Depending on the computing power of the attacker, they may be able to make thousands of guesses or more per second. This approach pretty easily cracks simple passwords that lack differences in letter cases and symbols.
A dictionary attack attempts to crack user passwords by utilizing common phrases or words. This may include using words from a dictionary and number combinations, but it frequently also uses lists of leaked credentials (known as credential recycling).
This approach may further be developed to check for variations of words that use different lower or uppercase letters or that substitute letters with special characters, also known as leetspeak. The dictionary attack is more specific and relies on certain phrases being more commonly utilized as passwords but is limited by the logic provided with – i.e., it will not attempt unlikely or random combinations.
Hybrid brute force attack
A hybrid attack utilizes the simple and dictionary attacks together. The initial approach may be based on some external logic, such as the dictionary attack. The possible suggestions will then be modified as is done in the simple attack – all sorts of variations will be tested.
For example, it is common for people to use strings of numbers at the end of their passwords – such as “1234”, the year of their birth, etc. In this case, using a dictionary approach, a common password will be tested, and many combinations of numbers will be attached at the end and exhausted in all possible ways.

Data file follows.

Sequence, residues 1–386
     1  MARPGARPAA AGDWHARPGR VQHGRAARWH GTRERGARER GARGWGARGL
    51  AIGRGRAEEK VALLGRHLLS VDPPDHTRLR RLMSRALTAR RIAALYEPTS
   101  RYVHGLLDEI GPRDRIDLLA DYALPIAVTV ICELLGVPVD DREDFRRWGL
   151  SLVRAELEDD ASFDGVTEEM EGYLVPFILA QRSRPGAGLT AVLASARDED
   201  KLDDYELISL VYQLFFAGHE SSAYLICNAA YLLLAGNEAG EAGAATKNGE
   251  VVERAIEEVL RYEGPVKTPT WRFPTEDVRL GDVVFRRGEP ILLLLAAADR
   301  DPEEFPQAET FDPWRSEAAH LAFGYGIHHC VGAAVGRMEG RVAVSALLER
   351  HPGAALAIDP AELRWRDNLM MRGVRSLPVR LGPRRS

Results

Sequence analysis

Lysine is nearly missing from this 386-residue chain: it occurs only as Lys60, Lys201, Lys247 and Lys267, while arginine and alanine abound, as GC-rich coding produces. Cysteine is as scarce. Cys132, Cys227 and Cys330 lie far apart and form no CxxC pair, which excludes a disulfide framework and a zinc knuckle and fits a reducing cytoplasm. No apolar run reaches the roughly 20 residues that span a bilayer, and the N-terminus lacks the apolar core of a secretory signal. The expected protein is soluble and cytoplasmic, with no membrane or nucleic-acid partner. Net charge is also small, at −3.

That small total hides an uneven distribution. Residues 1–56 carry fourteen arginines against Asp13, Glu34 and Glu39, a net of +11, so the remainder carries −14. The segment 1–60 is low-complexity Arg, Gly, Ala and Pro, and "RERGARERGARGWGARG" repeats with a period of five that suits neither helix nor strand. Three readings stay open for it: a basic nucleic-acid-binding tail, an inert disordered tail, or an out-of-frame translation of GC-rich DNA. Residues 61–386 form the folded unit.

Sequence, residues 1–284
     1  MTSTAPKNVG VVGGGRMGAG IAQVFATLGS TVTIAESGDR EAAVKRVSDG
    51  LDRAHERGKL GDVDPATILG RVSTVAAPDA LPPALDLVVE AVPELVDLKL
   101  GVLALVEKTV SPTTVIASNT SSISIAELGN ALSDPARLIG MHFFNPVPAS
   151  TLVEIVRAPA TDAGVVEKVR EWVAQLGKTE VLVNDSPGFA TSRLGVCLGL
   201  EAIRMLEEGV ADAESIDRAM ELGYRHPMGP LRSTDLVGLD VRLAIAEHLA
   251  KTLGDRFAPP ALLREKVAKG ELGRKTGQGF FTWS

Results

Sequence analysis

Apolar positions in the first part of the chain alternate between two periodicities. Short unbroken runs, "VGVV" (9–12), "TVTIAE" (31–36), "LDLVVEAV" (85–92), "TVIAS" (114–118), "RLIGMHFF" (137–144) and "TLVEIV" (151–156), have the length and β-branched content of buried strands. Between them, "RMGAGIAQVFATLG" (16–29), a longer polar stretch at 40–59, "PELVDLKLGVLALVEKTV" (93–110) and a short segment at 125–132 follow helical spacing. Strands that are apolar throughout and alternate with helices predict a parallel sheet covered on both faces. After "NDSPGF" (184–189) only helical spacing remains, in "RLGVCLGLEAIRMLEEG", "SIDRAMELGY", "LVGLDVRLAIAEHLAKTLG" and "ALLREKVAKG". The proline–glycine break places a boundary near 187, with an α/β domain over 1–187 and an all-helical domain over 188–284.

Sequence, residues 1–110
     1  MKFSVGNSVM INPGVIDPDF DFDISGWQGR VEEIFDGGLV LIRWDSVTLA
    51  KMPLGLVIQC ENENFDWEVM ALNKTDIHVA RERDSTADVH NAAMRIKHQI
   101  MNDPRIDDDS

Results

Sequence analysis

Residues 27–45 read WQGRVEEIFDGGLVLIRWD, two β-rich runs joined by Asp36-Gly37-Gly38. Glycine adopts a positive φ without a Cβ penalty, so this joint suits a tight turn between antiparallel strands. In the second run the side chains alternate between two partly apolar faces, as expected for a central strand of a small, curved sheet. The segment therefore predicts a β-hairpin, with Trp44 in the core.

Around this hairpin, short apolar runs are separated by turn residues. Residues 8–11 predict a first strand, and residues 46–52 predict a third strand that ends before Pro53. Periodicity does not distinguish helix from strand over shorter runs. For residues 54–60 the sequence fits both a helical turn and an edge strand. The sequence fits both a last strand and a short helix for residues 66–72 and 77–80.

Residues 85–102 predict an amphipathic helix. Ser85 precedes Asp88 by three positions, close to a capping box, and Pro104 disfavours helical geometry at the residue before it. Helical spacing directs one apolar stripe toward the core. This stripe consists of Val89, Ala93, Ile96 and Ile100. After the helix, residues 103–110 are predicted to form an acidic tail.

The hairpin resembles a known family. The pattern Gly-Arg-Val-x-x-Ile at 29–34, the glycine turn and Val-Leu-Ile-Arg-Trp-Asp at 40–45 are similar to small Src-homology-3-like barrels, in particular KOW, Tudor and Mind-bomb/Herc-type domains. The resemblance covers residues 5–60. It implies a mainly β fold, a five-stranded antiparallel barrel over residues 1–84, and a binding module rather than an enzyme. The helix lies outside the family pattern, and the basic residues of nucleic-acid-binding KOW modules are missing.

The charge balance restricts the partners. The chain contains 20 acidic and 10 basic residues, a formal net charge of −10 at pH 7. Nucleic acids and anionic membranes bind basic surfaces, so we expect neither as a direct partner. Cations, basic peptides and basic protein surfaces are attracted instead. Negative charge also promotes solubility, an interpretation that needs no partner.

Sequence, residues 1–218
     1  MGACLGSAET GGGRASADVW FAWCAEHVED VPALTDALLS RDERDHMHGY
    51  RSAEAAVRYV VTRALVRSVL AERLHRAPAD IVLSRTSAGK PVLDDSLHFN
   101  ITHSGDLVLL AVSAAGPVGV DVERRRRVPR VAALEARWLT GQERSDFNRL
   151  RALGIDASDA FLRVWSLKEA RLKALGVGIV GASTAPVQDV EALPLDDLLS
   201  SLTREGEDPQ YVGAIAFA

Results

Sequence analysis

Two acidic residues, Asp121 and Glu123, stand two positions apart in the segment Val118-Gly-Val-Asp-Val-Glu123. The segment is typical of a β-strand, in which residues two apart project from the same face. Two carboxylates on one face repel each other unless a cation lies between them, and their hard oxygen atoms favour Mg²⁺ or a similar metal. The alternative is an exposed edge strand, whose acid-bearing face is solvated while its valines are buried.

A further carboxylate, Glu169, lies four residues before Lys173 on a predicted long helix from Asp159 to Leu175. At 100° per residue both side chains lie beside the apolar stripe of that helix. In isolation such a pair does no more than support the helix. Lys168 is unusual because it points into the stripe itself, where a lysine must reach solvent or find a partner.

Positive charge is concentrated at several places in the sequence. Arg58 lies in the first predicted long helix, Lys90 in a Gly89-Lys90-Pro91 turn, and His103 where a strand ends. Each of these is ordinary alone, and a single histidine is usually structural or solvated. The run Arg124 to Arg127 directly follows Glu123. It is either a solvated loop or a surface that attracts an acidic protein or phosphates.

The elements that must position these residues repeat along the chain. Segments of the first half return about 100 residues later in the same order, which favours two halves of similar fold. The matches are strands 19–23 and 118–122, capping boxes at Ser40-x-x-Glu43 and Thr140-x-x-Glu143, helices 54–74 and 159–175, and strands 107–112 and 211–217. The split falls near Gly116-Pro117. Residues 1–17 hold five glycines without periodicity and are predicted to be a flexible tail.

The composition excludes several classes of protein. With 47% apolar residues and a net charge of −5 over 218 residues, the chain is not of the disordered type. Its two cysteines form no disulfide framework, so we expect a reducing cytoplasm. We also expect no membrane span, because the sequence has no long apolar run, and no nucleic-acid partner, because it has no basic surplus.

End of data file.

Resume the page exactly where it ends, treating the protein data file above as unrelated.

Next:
Credential stuffing tests a known (stolen or leaked) combination of username and password from one website in many other websites. It is based on the logic that people sometimes reuse their usernames and passwords.
Reverse brute force attack
Typically attackers start by knowing usernames and trying to guess passwords. In a reverse brute force attack, attackers know passwords and try out different combinations of usernames or account numbers.
Password spraying attack
This approach is utilized when account lockout policies are in place and attackers are limited in the number of attempts they can make. For example, instead of trying out many different combinations of passwords, they will take one password known to be commonly used and try it out on many other accounts.
Rainbow table attack
This attack relies on reversing cryptographic hash functions. To crack credentials, attackers will use a pre-computed table or dictionary of plaintext passwords and the hash functions that correspond to them. However, the approach is limited as it can only be used to guess hash functions of a certain length.
A botnet attack relies on harnessing the power of many machines at once to perform a brute force attack of any kind. By infiltrating and hijacking whole networks of computers, attackers solve the issue of lacking computing power to execute brute force attacks quickly. Moreover, using a botnet helps to hide the attackers further.
Brute force attack tools
There are many different brute-force tools that attackers utilize. Some of these tools are designed to perform attacks only against specific systems, whereas others can be used to target a variety of systems. Here are some of the most popular tools.
A suite of tools is used to determine wireless networks’ security and crack their passwords via a detector, packet sniffer, and a WEP/WPA/WPA2-PSK cracker and analysis tool for Wi-Fi 802.11. It can target network interface controllers (NIC) that support raw monitoring mode.